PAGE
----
When choosing a prefix, it's important not to choose a prefix for pull requests that are often also used for branches on the remote. For example, if developers often push branches to the project such as pr/1337, https://git-scm.com/ warns that these references are ambiguous.

Branch Discovery

When using a different forge than GitHub or GitLab, it may be possible to discover the appropriate pattern for references to pull requests. Documentation for checking out pull request references may not be available, unlike GitHub and GitLab. Therefore, we need to look to git itself, specifically, git-ls-remote.

Using git-ls-remote, we can list all remote references hosted by the repository. git-branch, by comparison, only lists references which are being "tracked," i.e., fetched by the fetch rules for the remote repository.

git ls-remote

From the list of references, it should be evident which references refer to pull requests. Unfortunately, there is no immediate way to select between open and closed pull requests. For GitHub, this means git ls-remote returns every pull requests for the repository.

The following is an example listing from nix-community/emacs-overlay:

c30763fa3d800911ee57c4cdaf558b416e4c5780	HEAD
5b9f3a8258c4b42c9c3dfcb77bde5d2e3abbc6eb	refs/heads/elpa
6cce77a7865731bd64f12b0ade938c0082f869c6	refs/heads/expect
47a2e0b85642a229aa45c03c4c590ad0e4294788	refs/heads/gccemacs
c30763fa3d800911ee57c4cdaf558b416e4c5780	refs/heads/master
80b60da21dbf15a683a3fcc0138a96478794bef0	refs/heads/melpa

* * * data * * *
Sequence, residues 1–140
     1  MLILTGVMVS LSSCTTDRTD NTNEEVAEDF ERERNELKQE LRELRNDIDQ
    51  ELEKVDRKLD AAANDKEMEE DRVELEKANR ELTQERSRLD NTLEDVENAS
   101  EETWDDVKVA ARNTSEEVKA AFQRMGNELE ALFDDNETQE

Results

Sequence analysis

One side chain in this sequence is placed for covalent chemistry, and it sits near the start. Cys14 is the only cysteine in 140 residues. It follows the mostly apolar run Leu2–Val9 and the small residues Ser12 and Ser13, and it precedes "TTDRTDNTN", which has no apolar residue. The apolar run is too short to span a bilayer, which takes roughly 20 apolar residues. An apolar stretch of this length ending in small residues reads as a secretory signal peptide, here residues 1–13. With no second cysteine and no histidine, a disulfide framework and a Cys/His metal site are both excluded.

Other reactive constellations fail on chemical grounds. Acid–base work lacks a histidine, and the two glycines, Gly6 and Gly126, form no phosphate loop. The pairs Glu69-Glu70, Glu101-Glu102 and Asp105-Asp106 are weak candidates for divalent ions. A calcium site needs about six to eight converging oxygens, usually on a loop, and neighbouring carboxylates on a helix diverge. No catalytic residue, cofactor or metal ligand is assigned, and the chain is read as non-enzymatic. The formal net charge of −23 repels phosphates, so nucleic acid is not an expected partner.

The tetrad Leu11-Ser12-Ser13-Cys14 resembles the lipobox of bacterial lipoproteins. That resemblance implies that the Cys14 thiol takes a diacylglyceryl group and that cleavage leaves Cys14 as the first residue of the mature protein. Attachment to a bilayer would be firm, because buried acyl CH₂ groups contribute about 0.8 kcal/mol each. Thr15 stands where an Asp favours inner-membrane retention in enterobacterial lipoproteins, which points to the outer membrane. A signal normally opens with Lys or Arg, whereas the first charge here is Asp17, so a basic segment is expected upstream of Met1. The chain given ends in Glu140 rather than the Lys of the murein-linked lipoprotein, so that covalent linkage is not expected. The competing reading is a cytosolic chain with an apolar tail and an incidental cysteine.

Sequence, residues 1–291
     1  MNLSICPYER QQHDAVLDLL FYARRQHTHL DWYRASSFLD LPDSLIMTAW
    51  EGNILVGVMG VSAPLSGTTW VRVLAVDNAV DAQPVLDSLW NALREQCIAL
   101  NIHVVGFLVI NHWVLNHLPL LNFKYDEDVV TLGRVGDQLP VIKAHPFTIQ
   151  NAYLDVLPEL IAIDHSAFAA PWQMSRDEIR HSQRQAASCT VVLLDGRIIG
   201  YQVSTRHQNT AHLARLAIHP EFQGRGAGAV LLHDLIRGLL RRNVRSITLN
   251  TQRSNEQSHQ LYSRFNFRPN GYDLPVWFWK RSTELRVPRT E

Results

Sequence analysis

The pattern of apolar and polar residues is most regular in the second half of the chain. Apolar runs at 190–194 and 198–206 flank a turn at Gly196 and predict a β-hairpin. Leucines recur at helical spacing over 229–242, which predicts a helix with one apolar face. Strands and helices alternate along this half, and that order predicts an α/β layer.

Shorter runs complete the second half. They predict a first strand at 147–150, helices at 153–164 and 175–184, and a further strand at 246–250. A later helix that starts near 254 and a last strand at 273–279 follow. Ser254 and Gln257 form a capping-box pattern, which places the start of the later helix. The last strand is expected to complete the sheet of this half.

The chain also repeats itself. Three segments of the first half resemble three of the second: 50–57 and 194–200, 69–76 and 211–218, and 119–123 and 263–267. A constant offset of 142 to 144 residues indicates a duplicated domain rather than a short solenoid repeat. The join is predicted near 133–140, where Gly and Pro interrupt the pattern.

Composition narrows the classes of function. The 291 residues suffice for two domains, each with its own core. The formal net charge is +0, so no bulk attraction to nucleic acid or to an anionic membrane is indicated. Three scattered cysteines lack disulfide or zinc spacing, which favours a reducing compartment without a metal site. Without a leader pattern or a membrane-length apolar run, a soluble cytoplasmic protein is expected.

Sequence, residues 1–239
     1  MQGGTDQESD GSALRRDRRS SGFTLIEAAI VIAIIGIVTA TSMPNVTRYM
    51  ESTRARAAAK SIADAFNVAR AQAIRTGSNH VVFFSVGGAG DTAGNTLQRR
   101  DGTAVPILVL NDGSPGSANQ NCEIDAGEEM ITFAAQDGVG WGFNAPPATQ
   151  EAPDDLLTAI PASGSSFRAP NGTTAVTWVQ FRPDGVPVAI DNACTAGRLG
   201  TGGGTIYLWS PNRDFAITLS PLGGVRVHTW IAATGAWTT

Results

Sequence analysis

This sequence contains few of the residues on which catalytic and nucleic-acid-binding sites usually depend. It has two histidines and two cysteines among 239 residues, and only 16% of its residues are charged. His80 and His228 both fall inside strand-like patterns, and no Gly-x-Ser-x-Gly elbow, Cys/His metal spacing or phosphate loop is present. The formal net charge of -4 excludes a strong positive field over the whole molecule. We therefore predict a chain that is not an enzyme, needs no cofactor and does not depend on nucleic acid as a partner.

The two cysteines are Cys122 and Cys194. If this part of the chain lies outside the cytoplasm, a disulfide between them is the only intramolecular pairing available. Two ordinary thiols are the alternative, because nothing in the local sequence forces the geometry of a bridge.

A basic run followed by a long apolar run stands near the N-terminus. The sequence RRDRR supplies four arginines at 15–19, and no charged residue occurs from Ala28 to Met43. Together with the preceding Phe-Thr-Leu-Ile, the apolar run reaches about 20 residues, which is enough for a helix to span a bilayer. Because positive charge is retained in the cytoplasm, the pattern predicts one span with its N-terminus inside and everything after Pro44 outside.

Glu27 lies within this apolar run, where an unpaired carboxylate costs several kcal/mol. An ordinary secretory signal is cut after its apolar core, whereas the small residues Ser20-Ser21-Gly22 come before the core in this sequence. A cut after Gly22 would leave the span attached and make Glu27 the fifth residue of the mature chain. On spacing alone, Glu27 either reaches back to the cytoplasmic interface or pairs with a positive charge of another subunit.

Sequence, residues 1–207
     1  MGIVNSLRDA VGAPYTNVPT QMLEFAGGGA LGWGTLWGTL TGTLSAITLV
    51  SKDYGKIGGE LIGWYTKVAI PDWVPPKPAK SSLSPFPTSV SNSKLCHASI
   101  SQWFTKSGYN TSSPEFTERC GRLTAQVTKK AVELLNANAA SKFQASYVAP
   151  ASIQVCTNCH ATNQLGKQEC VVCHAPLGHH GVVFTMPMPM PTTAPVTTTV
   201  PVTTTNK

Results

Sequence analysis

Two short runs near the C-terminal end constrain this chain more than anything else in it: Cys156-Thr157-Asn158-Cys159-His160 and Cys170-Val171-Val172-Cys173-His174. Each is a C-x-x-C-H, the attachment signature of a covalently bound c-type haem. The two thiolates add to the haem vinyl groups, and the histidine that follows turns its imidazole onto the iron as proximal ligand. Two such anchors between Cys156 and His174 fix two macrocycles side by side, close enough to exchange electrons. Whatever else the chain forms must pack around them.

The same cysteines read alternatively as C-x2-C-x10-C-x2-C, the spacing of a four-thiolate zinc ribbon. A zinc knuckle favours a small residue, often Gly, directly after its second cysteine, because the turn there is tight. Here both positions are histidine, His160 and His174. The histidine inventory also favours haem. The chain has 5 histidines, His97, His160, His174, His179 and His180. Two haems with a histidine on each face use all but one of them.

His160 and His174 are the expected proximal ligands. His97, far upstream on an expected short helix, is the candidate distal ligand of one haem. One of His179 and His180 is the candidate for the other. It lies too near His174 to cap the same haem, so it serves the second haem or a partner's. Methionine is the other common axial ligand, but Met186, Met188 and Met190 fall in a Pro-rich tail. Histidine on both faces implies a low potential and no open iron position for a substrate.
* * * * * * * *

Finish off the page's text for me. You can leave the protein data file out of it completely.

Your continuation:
b74dbf73ecf7cc420740c87af4c2d113d1fdd58e	refs/heads/nativecomp-pkgs
f911b18763ad50bf49a5928b95fb149ba638b2e2	refs/heads/updater-python
3d7612182992cc57148c545c11cb9415bb7d23f0	refs/pull/103/head
2ecd882d2b6e2f4f710c08419a5899d8215f7cc9	refs/pull/103/merge
7689a4093e2986e72a2b3e981b4ae86124c1dfb6	refs/pull/105/head
d7bdc8d3be125e90c8f01650e17b66b814609ec3	refs/pull/111/head
9e8e8cae4dba0fe46569f010119b4ca269a3a9c0	refs/pull/118/head
401546016dc12b1416f5a3f85e26e1b8294ee5c4	refs/pull/119/head
997966c8d635dcada8c8bd3aa40a643745dd5ca8	refs/pull/12/head
f911b18763ad50bf49a5928b95fb149ba638b2e2	refs/pull/121/head
5a99e863b84825a13a125b145170b8d6aeef9200	refs/pull/121/merge

From the above list, we can see the pull requests are under the refs/pull path.

Manual Checkout

Without downloading and keeping track of all pull request branches, individual pull requests can be checked out as well. However, doing so requires an extra command.

git fetch origin pull/${pr}/head
git checkout -b pr/${pr} FETCH_HEAD